The Loyalty Pyramid


Exhibit 2.2   Loyalty Pyramid.

Brand loyalty, as stated earlier, is one of the core benefits or outcomes of brand equity. It is reflected in the manner consumers engage with a brand, and may be assessed in terms of the hierarchy of levels of engagement depicted in Exhibit 2.2. Consumers at the base of this loyalty ladder or loyalty pyramid are aware of the brand; it achieves a presence in their minds. Moving up, the brand is of relevance to consumers who have tried it, or who consider buying it.

Consumers who regularly buy the brand are referred to as regulars, and those who buy it most often are called dependables. These are behaviourally loyal consumers who drive brand performance. 

The pyramid gets thinner from the base to dependables. Trial is a sub-set of awareness, consideration is a sub-set of trial, regulars is a sub-set of consideration, and dependables is a sub-set of regulars.

Brand loyalty represents the highest level of engagement with a brand. Loyal consumers have high level of affinity with the brand; they consider it as their favourite, and are willing to recommend it to others.

Brand loyalty is a state of mind, not a behavioural outcome. A consumer is brand loyal if she has a positive, preferential attitude towards the product or service. Attitudinal loyalty, emotional loyalty and brand loyalty are interchangeable terms that allude to this state of mind.

Behavioural loyalty, unlike emotional loyalty, is specifically a behavioural outcome. Defined as brand share amongst brand buyers, it is the quantity of brand purchases by the individual or household as a percentage of total category purchases. For instance, if a consumer drinks 40 cups of Nescafe and 10 cups of other brands of coffee, her behavioural loyalty to Nescafe is 80% over that period of time.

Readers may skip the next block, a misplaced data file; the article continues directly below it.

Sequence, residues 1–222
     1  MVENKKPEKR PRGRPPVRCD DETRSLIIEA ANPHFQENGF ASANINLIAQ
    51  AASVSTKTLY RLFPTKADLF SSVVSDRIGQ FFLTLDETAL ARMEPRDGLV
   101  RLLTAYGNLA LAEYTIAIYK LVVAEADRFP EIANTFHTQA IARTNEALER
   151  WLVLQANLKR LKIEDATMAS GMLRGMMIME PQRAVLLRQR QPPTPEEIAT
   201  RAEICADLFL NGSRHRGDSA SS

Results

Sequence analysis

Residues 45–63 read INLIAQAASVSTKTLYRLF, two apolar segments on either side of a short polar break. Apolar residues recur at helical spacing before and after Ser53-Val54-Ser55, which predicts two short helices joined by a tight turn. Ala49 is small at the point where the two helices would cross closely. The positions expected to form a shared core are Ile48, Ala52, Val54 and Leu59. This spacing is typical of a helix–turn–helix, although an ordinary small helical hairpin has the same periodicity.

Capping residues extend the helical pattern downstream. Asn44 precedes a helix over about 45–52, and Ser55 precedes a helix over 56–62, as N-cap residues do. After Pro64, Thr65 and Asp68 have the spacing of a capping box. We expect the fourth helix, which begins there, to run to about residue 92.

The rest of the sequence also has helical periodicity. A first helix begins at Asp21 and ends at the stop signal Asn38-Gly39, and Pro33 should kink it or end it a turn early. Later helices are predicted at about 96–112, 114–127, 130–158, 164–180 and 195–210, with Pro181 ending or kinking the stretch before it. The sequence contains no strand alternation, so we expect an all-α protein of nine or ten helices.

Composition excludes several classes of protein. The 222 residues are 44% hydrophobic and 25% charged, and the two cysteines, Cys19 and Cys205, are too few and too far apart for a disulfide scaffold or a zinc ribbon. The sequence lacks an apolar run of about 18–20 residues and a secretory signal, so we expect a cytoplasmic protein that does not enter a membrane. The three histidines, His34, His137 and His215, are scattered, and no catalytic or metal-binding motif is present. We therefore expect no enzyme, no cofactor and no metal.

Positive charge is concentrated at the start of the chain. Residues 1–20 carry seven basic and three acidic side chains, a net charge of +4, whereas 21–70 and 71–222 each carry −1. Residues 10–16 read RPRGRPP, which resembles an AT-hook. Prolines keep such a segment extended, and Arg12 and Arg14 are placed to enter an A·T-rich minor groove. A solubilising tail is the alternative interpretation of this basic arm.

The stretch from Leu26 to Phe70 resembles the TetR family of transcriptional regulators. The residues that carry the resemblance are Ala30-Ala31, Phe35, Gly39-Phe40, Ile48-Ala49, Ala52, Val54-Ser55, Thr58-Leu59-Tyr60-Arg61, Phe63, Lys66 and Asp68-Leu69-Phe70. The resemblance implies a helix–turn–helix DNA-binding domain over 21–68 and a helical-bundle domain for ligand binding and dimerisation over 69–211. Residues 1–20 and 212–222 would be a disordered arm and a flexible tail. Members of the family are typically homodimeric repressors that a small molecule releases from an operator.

The proportion of consumers that are brand loyal is usually less than those that are dependables, but this is not always the case. Brand loyalty does not always translate to high behavioural loyalty. Availability, affordability and convenience may be constraining factors. For instance, consumers may not be able to buy a preferred brand because is it not available at their regular store.

Similarly, high behavioural loyalty need not be the outcome of brand loyalty. In the case of services like retail banking, due to the inconvenience that it causes, there is reluctance to switch from one service provider to another.  Because of reasons such as these, and inertia in general, a customer may continue using a service even after there is erosion in her affinity for the service provider.

Interpreting Loyalty Pyramid Data


Exhibit 2.3   Loyalty pyramid and brand engagement.

In the context of loyalty pyramids, fatter is better. The shifts up and down the adjoining levels of the loyalty pyramid reveal the strengthening and weakening of the brand’s interaction with consumers. Comparisons across brands reveal peculiarities that highlight their strengths and weaknesses.

Take for instance the information presented in Exhibit 2.3, which depicts four supermarket banners — Fujimart, SuperFresh, ZerMart and Inulas. The numbers on the right of the bars, with positive and negative signs, reflect the change over previous period. Fujimart for instance has increased its base of regular shoppers from 57% in the previous time period to 58% (+1). For this retailer there appears to have been a 1% point shift upwards from considerers to regulars.

Brand awareness is the percentage of consumers who claim they are aware of the brand. It is gauged on three planes — top-of-mind (TOM), spontaneous (unaided) and aided. Top-of-mind awareness is the first brand that comes to mind. Spontaneous or unaided awareness is brand recall without prompting, and aided awareness is brand recall with prompting.